Attorney Jerry W. Amos has combined his law background with extensive research into the conflicts between Christians, Muslims, and Jews to create his debut novel, The Division. Lawyer Jonathan Keller and Catherine Paulson, the daughter of a Middle East expert, team up to stop a terrorist plot to destroy a mosque in Israel. They are aided in their venture by a rabbi and a Muslim scholar who have different views on the Arab–Israeli conflict, but who each possess empathy for opposing views and seek a peaceful solution. The quartet embarks on a potentially fatal mission to discover the connection between a book bequeathed to Catherine by her late father and the possible attack before everything explodes.
The division of the title is the gulf that exists between the three religions and their differing ideas about the importance of Israeli holy sites. The terrorists believe that a successful explosion will trigger Armageddon, and that as a result of this destruction, these divisions will disappear.
This ambitious novel is told from many points of view, including Jonathan’s, Catherine’s, the rabbi’s, the Muslim scholar’s, and most fascinatingly, each of the three terrorists—a Christian, a Muslim, and a Jew. Amos’s depiction of Israel’s geography and religious strife is impeccably researched and admirably nuanced. Additionally, the author delves into the historical nature of these inter-religious conflicts, drawing some surprising yet logical conclusions guaranteed to deepen the average reader’s understanding of the Middle East.
The amicable Muslim scholar and rabbi who agree to disagree represent a welcome counterpoint to the terrorists and the conventional wisdom that Arabs and Jews don’t get along. Throughout most of the book, the history and information about the region and its attendant religious troubles are well-integrated into the thriller aspects of the story.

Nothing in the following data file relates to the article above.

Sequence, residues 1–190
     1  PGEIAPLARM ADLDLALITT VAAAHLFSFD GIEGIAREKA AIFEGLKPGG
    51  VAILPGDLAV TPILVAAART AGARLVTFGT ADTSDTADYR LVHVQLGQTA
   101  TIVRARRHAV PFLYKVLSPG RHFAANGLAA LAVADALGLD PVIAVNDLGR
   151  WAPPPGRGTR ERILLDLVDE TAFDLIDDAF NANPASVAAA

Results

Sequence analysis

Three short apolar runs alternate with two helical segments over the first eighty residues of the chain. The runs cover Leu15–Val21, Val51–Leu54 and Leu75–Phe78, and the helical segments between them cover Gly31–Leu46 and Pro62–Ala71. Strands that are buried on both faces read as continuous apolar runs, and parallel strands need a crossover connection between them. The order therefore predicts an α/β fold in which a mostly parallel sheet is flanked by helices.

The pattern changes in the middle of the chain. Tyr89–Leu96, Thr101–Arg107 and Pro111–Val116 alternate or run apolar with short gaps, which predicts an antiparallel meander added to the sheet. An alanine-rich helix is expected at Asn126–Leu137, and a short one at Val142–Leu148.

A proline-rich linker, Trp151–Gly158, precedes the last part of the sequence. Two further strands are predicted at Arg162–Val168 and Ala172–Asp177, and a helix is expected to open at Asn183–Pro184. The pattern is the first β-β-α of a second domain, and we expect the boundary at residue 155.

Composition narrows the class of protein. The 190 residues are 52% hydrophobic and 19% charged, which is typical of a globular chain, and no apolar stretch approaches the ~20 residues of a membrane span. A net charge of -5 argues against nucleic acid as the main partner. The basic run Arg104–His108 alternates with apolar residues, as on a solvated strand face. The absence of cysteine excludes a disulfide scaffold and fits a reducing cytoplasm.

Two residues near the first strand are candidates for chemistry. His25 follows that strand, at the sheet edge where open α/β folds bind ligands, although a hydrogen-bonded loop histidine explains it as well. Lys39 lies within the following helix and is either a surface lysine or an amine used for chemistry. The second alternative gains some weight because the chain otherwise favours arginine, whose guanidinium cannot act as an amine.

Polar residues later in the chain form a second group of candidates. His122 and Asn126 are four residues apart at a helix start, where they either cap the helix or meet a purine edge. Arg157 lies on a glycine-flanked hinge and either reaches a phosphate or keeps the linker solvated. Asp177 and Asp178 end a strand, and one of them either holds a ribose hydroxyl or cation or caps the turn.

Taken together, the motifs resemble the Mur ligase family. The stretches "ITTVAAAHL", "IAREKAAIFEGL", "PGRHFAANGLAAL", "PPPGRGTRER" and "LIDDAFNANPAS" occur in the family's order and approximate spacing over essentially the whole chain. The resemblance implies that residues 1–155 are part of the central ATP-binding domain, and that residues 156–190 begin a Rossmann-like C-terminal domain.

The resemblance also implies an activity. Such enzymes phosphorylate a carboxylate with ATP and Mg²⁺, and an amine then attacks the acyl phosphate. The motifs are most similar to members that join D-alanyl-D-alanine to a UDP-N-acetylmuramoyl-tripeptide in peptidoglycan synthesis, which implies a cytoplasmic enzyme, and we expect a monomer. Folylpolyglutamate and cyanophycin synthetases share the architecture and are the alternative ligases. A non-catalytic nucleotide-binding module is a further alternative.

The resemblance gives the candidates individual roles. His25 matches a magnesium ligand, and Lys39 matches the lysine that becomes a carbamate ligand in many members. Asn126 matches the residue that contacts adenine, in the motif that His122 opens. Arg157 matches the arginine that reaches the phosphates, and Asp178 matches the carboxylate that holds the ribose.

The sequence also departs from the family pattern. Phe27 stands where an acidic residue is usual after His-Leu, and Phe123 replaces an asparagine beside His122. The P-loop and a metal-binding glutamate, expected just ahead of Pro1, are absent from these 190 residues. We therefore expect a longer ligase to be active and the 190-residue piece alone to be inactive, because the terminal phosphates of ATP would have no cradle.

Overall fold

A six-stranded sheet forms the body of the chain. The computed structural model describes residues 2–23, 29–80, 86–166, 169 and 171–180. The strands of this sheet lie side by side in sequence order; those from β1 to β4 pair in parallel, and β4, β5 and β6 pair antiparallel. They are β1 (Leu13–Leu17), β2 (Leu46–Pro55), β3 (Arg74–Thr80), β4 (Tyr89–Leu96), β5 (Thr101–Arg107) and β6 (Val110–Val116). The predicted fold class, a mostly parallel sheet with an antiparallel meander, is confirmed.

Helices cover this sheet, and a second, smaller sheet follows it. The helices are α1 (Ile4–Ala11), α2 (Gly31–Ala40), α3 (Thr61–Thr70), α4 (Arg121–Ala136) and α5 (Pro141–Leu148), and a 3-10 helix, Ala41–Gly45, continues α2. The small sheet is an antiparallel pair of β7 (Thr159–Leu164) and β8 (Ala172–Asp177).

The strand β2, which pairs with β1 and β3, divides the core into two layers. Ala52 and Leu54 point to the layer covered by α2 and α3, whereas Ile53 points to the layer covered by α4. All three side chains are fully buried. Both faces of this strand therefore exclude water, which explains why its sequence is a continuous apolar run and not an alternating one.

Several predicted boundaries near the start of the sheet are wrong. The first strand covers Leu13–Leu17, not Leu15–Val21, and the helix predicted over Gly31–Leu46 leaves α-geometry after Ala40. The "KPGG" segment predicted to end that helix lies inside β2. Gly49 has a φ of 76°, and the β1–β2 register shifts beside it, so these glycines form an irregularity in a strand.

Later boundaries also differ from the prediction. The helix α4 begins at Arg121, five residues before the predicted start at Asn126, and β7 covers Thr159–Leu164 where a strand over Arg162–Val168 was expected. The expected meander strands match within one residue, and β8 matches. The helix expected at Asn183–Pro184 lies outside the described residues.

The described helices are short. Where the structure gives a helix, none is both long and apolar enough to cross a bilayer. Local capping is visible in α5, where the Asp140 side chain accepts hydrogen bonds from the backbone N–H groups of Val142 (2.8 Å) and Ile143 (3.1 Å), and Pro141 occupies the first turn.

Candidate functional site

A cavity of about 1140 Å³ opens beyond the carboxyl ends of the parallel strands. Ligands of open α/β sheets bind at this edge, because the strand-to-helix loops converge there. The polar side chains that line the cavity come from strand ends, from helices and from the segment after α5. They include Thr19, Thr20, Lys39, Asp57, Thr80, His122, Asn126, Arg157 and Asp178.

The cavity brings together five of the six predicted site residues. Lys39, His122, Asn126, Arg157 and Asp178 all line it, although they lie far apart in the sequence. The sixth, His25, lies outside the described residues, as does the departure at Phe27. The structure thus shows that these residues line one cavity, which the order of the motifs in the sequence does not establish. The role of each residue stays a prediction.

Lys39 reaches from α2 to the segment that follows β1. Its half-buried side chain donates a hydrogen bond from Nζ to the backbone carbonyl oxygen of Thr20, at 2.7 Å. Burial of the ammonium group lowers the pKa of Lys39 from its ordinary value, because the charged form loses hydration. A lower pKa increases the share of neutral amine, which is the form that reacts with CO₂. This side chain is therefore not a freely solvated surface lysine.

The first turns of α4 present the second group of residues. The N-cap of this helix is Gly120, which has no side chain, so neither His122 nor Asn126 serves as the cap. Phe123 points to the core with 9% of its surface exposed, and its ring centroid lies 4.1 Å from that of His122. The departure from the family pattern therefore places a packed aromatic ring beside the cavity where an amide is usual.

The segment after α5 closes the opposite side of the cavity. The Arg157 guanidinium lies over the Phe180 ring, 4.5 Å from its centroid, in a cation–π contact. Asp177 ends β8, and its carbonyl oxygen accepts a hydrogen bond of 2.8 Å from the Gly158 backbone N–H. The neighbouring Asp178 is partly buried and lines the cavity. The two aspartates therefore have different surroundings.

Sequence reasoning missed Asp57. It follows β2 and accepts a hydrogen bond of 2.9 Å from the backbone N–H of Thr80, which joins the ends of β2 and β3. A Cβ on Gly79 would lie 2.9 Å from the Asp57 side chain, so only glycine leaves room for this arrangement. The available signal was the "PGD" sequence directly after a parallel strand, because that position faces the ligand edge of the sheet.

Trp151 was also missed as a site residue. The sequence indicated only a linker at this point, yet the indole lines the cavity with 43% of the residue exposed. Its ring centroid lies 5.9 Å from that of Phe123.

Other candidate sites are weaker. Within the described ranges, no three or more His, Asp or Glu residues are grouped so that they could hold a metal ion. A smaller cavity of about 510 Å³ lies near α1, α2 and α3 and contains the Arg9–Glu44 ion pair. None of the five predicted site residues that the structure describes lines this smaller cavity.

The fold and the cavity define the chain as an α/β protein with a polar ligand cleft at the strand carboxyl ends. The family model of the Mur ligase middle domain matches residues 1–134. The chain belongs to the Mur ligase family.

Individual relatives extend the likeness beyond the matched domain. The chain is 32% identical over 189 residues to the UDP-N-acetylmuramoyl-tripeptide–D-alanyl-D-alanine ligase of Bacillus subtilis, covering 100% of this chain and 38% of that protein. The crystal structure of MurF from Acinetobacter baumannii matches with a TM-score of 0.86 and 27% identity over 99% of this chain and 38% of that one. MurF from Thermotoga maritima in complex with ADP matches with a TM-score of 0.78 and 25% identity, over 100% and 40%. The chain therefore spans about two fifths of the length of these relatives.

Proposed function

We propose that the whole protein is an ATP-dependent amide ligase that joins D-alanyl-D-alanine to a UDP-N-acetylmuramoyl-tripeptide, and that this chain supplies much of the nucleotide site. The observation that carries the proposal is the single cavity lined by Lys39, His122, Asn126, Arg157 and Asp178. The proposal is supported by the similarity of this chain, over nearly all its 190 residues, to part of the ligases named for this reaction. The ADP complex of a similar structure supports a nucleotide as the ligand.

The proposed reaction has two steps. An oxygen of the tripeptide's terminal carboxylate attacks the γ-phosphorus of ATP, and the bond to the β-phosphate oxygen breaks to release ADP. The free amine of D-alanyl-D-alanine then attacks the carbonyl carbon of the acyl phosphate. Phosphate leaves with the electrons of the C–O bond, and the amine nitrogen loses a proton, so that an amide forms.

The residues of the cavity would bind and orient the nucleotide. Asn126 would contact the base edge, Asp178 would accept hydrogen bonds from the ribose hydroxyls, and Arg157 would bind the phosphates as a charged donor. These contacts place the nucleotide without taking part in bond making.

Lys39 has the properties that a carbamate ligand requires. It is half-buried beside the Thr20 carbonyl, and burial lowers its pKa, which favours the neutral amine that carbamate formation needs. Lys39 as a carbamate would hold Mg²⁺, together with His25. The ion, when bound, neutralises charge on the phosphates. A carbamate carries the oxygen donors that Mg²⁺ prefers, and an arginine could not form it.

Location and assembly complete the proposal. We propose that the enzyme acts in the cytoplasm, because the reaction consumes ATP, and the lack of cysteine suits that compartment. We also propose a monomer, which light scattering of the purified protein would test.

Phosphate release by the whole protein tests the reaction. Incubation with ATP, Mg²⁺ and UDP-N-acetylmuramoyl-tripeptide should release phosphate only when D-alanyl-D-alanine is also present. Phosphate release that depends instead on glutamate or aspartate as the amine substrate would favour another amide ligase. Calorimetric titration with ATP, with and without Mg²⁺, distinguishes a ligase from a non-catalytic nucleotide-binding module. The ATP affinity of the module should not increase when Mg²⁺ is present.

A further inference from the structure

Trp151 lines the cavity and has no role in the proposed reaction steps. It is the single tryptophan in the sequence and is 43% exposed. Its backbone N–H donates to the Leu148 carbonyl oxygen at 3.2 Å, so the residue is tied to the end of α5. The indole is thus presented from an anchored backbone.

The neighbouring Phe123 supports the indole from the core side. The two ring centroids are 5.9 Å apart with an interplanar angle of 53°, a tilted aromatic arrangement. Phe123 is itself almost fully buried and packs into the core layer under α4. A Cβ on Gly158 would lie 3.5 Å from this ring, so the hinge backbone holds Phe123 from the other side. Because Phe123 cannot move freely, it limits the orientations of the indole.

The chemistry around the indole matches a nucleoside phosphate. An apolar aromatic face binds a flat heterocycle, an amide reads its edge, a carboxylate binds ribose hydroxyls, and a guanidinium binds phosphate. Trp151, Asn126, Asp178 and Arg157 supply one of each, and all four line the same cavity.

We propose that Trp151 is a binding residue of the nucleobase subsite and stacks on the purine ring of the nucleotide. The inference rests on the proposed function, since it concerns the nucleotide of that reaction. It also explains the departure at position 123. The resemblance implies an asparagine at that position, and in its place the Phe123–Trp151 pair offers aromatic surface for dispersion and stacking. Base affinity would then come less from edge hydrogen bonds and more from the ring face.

Although the novel is 500 pages long, it generally maintains its momentum. The major characters possess complex motivations and backstories—even the terrorists. In a genre where terrorists are often reduced to one-dimensional, addle-brained people, it is a credit to Amos that he makes his terrorists seem human by explaining how they arrived at their fundamentalist beliefs.
At times, though, The Division contains too much of a good thing: although the religious and historical information is interesting and relevant, it sometimes distracts from the plot. At intervals, characters stop to have information-heavy conversations, and the action is shoved to the back burner. Toward the end of the novel, the author attempts to squeeze in everyone’s point of view. Some of the minor characters seem to exist only to provide “man-on-the street” interviews.
Amos could write a separate historical religious textbook using all the nuggets he inserts in this book, but overall The Division is a promising debut.
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